Need for Natural Language Processing (NLP)
Significant growth in the volume and variety of data is due to the amount of unstructured text data—in fact, up to 80% of all your data is unstructured text data. Companies collect huge amounts of documents, emails, social media, and other text-based information to get to know their customers better, offer services or market their products .However, most of this data is unused and untouched.
Text analytics, through the use of natural language processing (NLP), holds the key to unlocking the business value within these vast data resources.
In the era of big data, businesses can fully utilize the data potential and take advantage of the latest parallel text analytics and NLP algorithms packaged in a variety of open source software namely R, python, etc.
What is NLP?
Natural Language Processing is the scientific discipline concerned with making natural language accessible to machines. NLP addresses tasks such as identifying sentence boundaries in documents, extracting relationships from documents, and searching and retrieving of documents, among others. NLP is a necessary means to facilitate text analytics by establishing structure in unstructured text to enable further analysis.
Common tasks for NLP
An example of a common NLP task is the identification of paragraph, sentence, and word boundaries within a document.
For Example: “Apple has generated sufficient profits this year.”
NLP tries to understand such sentences by providing the most likely interpretation given sufficient context—it determines whether Apple refers to a ‘the company Apple’ or ‘a fruit’.
The table below illustrates a few examples for the following common NLP tasks:
Sentence segmentation identifies where one sentence ends and another begins. Punctuation often marks sentence boundaries, but there are many exceptions in the usage of language.
Tokenization is the process of identifying individual words, numbers, and other single coherent constructs. Hashtags in Twitter feeds are example of constructs consisting of special and alphanumeric characters that should be treated as one coherent token.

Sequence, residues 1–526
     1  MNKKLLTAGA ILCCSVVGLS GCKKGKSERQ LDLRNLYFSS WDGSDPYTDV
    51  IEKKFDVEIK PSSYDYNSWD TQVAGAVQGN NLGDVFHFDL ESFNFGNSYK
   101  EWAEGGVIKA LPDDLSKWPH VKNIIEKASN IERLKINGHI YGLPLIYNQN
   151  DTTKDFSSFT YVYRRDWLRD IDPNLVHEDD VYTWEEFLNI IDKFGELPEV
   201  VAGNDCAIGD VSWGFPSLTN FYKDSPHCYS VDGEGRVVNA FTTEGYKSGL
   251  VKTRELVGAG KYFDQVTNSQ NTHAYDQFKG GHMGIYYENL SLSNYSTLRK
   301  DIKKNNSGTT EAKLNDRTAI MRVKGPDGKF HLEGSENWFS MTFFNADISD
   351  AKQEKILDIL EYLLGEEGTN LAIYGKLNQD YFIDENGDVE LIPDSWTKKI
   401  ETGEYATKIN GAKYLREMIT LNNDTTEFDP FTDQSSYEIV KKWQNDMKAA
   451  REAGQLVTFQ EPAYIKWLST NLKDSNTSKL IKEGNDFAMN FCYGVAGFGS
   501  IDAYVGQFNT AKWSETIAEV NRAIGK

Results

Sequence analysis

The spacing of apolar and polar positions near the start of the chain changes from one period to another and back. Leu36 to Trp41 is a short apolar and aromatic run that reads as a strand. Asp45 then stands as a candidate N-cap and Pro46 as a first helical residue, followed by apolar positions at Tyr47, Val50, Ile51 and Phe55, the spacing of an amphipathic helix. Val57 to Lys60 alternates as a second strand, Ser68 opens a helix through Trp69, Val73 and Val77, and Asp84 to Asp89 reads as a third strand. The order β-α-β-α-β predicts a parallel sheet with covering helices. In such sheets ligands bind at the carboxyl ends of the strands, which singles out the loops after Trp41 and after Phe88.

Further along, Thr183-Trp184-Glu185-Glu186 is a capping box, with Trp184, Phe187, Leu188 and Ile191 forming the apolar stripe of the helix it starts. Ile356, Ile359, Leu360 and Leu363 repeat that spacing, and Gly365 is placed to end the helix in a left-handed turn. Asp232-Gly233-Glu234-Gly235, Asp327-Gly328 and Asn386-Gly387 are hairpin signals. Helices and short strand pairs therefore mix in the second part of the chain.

Stemming removes the ‘ending’ of words. This process is often used in sentiment analysis or semantic analysis for example to retrieve documents – regardless of whether the word is ‘innovations” or “innovates”
Part-of-Speech (PoS) tagging – it processes a sequence of words and attaches a part of speech tag such as a verb, noun, or adjective to each word in a sentence. A commonly used set of PoS tags can be found in the Penn Treebank Tag-set, and the example in the table above uses this tag set.
Parsing helps us to identify the structure of a sentence. The example in the table facilitates the conclusion that ‘Katie and Sam” are to be treated as conjunctive noun phrase (NP) and that both of them were involved in the action ‘went.’ Parsing is often a prerequisite for other NLP tasks such as named entity recognition.
Named entity recognition identifies entities such as persons, locations, and times within documents. After the introduction of an entity in a text, language commonly makes use pronouns such as ‘he, she, it, them, etc.’ instead of using the noun entity again. This is called Reference resolution and it attempts to identify multiple mentions of an entity in a sentence or document and marks them as the same instance.
Open source software
The table below illustrates a sample of open-source tools used to accomplish several common NLP tasks and use-cases.
Found this interesting? Explore Jigsaw’s new course Text Mining with R that is created for:
Also check out the video Text Analytics from the course.